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Francis Ford Coppola Presents Rosso & Bianco
By James Knight
Whether you love the smell of Malbec in the morning or the afternoon, the curtain is up on Francis Ford Coppola's latest winery venture. From his base in the Napa Valley, the film-auteur-turned-wine-magnate has pushed onwards, taking over a 1970s chateau 40 clicks northwest of Calistoga. That's Sonoma County.
Although Chateau Souverain was a kind of Gallic conceit to begin with, it has been rumored that Coppola was going beyond the pale. Reports came in that it was to be a "wine country Disneyland," with swimming pools, cabanas, outdoor restaurant, bocce courts, amphitheater, dance floor and a new home for the Coppola movie museum. Could there really be a wine country Disneyland? This question pulled us north up Highway 101, as if the blacktop was flowing back into Geyserville. Whatever was going to happen, it wasn't gonna be the way they call it back in Rutherford.
The heads. You're looking at the heads--by which I mean, weak references to the more obvious Coppola movie lines. I'm the first to admit it. OK, we just came to taste wine. Taste wine, with extreme prejudice.
The cryptic "Moving Ahead" sign has been replaced with the brand new moniker, Rosso & Bianco. We saw only a vegetable garden along the quiet drive. The rumored sights and thrills must still be in preproduction.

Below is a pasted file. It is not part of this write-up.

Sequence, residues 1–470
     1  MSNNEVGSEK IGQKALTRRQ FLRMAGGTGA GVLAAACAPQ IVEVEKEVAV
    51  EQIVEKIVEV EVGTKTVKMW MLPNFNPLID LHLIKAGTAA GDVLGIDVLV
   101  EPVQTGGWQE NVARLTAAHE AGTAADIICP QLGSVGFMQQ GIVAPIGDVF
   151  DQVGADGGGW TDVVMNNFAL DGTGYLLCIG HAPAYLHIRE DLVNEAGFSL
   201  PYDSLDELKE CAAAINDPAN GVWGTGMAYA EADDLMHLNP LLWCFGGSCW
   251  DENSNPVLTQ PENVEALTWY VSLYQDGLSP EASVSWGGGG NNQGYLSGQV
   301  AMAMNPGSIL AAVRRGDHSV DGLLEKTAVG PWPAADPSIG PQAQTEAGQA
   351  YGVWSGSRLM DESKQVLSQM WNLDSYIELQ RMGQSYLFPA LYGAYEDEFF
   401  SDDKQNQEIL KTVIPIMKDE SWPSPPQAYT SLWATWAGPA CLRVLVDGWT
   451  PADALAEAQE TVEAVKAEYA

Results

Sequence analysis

The tasting room crowd was mainly of the holiday-weekend element, dressed-up women with underdressed T-shirted dudes in tow, but that's not to judge. Because it's judgment that defeats us. There's no lack of merchandise for sale: pasta sauce, picnic basket ensembles and Sofia paraphernalia of both the bubbly and box-office kind. Lunch in the adjacent cafe features a reasonably priced menu of Italian starters and plates. They had just closed for the day, but if I have a chance to go back and do it all differently, I'd order a pizza quattro formaggi and kick it on the terrace.
Tastes of Rosso & Bianco wines are offered for free, an offer you can't refuse. Served in tumblers to highlight everyday drinkability, this lower-shelf line was more pleasing than expected. The 2006 Bianco Pinot Grigio ($10.99) was clean, slightly sweet with mineral and citrus notes. A warm vanilla nose and tangy fruit carried the likable 2005 Rosso Classic ($10.99). I regret not having a jelly jar of the 2005 Rosso Shiraz ($10.99) right now, to revisit the sweet apricot jam nose and fruit leather flavors.
The finest wines are available at a price. Although not floral, the 2005 Reserve Russian River Viogner ($24) pleases with a light, sweet honeydew and vanilla palate. Strawberry smokiness, some gingerbread meatiness add interest to the 2005 Reserve Sonoma Coast Pinot Noir ($36). In homage to Argentina's signature wine, the 2005 Diamond Collection Malbec ($18) is labeled with the blue of that nation's flag. Smell that? Nothing in the world smells like that, that brand-new tire and cherry smell. The 2005 Director's Cut Zinfandel ($22) gives up a cedary, bramble aroma and grapes eaten off the vine in the late afternoon. A shot of the 2005 Diamond Collection Claret ($19) seemed balanced and firmly tannic, not deeply moving. Try it with cold rice and a little rat meat--or spaghetti alla carbonara classico.
Francis Ford Coppola Presents Rosso & Bianco,
300 Via Archimedes at Independence Lane, Geyserville. Tasting Room open daily at 11am. Tasting fee $5;
Rosso & Bianco wines free. 707.857.1400.
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